Watts, the Place, Inspires Jeff 'Tain' Watts


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It was more than a shared name that first got the attention of drummer Jeff “Tain" Watts. Even as a kid growing up in the Hill District of Pittsburgh, he recognized something profound about a distant neighborhood in Los Angeles.

He knew of those six days of rioting in 1965, but he also knew that Watts was the hometown of Charles Mingus, the monumental bassist and jazz composer whose work was often fueled by the heavier sociopolitical issues of his time.

“I just felt a strong vibration coming out of Watts," the drummer says now. “I always felt a connection to it."

He finds another link with his recently released album, Watts, a collection of anxious hard bop and blues led by Watts and played by an all-star jazz lineup, including trumpeter Terence Blanchard, bassist Christian McBride and saxophonist Branford Marsalis (with whom he keeps the beat for one of the most acclaimed small groups in jazz, now celebrating 10 years without a personnel change).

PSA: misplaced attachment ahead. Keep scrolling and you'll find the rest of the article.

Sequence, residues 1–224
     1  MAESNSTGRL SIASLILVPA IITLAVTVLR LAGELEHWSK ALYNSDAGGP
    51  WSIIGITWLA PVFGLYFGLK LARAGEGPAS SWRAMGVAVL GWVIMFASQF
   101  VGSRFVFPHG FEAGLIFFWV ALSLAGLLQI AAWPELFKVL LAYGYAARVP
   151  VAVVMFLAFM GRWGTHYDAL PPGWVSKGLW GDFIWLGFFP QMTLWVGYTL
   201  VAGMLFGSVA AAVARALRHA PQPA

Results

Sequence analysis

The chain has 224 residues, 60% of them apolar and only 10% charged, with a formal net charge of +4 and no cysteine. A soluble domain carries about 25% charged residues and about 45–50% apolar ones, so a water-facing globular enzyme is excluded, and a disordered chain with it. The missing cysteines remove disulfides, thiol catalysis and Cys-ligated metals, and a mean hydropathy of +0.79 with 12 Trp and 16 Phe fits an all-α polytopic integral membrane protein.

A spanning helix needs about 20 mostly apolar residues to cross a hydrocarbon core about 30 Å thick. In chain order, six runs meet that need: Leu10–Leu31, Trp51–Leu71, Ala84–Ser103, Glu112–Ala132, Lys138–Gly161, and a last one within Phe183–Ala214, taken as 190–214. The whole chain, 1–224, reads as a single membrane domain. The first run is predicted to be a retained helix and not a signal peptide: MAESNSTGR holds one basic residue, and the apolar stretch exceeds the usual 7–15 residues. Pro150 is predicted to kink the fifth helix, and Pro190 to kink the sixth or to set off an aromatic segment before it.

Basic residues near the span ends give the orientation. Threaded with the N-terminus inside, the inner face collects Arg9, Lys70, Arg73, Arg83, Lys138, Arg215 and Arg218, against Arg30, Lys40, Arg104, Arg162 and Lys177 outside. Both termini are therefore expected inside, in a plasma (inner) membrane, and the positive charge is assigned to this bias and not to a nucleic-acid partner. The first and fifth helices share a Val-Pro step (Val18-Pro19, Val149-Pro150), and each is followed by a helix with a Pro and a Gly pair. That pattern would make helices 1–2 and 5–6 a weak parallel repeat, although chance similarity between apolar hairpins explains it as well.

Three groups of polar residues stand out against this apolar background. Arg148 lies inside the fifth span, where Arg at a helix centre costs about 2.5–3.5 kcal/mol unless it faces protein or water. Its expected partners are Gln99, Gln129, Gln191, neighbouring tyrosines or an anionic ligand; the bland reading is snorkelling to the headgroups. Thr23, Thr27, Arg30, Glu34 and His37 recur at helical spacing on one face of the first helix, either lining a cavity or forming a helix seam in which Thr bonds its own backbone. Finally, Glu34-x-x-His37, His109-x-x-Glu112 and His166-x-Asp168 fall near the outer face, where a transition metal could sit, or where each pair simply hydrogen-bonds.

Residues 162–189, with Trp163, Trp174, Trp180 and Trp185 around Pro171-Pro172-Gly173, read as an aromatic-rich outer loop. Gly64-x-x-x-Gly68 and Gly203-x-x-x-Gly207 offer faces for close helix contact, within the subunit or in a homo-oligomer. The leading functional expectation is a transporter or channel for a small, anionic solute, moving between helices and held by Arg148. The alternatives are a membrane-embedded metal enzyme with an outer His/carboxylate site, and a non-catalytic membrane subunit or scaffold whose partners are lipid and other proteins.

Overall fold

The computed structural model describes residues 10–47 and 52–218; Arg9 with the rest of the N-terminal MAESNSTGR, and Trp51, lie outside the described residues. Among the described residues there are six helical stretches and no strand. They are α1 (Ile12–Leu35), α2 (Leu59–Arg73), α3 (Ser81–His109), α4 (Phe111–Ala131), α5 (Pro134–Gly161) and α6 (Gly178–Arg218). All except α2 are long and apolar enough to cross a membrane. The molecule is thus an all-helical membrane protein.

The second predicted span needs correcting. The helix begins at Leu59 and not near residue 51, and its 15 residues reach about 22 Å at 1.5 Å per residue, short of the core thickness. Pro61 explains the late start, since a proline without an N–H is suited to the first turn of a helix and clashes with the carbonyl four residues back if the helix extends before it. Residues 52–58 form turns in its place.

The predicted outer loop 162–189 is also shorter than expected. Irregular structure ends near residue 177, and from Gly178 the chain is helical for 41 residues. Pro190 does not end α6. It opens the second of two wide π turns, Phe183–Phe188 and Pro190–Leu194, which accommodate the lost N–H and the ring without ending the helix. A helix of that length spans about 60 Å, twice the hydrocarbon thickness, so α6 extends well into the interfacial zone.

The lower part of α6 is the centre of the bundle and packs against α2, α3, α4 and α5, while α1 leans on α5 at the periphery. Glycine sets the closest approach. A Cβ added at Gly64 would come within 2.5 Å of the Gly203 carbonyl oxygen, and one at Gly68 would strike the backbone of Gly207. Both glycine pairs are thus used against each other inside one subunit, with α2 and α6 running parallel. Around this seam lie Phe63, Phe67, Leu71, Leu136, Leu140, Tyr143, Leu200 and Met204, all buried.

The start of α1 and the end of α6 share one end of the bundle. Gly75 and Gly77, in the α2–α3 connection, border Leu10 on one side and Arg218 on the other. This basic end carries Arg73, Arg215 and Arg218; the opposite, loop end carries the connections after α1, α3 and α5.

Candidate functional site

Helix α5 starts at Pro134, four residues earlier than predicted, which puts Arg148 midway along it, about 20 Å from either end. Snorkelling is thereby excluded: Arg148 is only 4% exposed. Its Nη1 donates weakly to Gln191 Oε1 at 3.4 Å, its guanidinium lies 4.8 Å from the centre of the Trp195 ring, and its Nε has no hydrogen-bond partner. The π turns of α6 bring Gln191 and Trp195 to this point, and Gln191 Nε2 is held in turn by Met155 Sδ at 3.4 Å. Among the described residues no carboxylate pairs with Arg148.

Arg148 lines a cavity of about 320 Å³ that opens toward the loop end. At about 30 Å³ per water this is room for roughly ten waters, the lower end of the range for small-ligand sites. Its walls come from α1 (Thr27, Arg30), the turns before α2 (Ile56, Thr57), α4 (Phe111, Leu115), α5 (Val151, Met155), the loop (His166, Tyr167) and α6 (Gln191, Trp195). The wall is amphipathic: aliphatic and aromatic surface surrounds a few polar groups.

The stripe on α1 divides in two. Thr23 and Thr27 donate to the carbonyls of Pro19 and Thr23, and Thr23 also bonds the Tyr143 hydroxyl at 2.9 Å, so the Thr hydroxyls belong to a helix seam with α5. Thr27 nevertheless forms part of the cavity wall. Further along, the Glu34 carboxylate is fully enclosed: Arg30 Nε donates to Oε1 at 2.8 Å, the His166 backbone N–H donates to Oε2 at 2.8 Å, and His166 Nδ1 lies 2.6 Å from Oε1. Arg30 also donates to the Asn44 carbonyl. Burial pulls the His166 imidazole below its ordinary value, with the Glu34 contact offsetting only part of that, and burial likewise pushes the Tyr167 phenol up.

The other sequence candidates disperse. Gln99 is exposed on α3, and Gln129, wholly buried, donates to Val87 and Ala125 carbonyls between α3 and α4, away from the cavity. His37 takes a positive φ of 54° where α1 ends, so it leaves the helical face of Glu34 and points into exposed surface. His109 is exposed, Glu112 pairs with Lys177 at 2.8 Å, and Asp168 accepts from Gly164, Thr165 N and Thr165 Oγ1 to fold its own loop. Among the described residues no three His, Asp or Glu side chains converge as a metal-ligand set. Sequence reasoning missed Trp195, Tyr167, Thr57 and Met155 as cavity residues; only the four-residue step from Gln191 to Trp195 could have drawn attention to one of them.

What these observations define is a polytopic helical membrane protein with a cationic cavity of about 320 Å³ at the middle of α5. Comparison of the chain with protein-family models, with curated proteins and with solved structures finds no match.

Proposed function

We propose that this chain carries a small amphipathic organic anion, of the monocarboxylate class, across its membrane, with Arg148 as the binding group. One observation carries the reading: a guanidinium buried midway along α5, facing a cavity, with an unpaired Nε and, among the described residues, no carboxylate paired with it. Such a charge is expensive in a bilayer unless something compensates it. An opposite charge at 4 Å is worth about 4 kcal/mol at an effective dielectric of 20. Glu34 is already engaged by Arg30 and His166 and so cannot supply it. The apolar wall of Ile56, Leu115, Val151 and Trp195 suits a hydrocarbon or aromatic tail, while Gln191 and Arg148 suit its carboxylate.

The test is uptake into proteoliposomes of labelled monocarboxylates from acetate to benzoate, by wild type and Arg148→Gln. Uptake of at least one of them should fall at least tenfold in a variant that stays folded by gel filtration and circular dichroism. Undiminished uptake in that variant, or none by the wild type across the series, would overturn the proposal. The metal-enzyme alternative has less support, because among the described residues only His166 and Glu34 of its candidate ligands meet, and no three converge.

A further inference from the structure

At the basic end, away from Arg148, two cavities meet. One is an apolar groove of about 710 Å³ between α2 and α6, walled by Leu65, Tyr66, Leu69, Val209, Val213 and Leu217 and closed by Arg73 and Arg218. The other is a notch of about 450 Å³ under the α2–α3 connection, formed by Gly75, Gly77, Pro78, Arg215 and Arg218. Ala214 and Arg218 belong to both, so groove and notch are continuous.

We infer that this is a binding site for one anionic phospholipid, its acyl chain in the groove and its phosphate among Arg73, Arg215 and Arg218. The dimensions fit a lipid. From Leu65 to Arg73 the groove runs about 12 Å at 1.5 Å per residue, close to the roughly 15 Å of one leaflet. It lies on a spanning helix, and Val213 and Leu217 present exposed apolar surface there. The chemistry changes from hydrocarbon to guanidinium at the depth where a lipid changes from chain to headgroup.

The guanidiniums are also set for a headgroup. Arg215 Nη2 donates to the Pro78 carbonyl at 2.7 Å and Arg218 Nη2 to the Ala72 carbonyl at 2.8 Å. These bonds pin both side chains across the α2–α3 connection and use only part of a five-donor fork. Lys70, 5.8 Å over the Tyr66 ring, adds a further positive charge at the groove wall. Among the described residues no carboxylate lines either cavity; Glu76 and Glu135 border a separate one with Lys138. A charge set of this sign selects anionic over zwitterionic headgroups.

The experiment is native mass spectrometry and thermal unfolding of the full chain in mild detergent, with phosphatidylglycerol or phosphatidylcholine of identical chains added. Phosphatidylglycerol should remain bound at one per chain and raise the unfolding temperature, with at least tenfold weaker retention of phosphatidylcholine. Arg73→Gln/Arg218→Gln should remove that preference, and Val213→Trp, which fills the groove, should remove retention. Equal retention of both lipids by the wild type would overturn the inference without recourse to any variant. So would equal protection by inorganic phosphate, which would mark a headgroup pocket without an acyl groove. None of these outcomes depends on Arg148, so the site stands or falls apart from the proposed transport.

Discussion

On the cover is an illustration of the landmark Watts Towers, but the album is far less about the place than a certain vibe and corner of American history.

“Katrina James," he says, is dedicated to “the two great tragedies of the early 21st century -- the loss of James Brown and Hurricane Katrina." It begins with a big brassy theme and funk bass riff that evoke the Brown sound, before hurtling into overlapping lines from Blanchard and Marsalis that are muscular and soulful.

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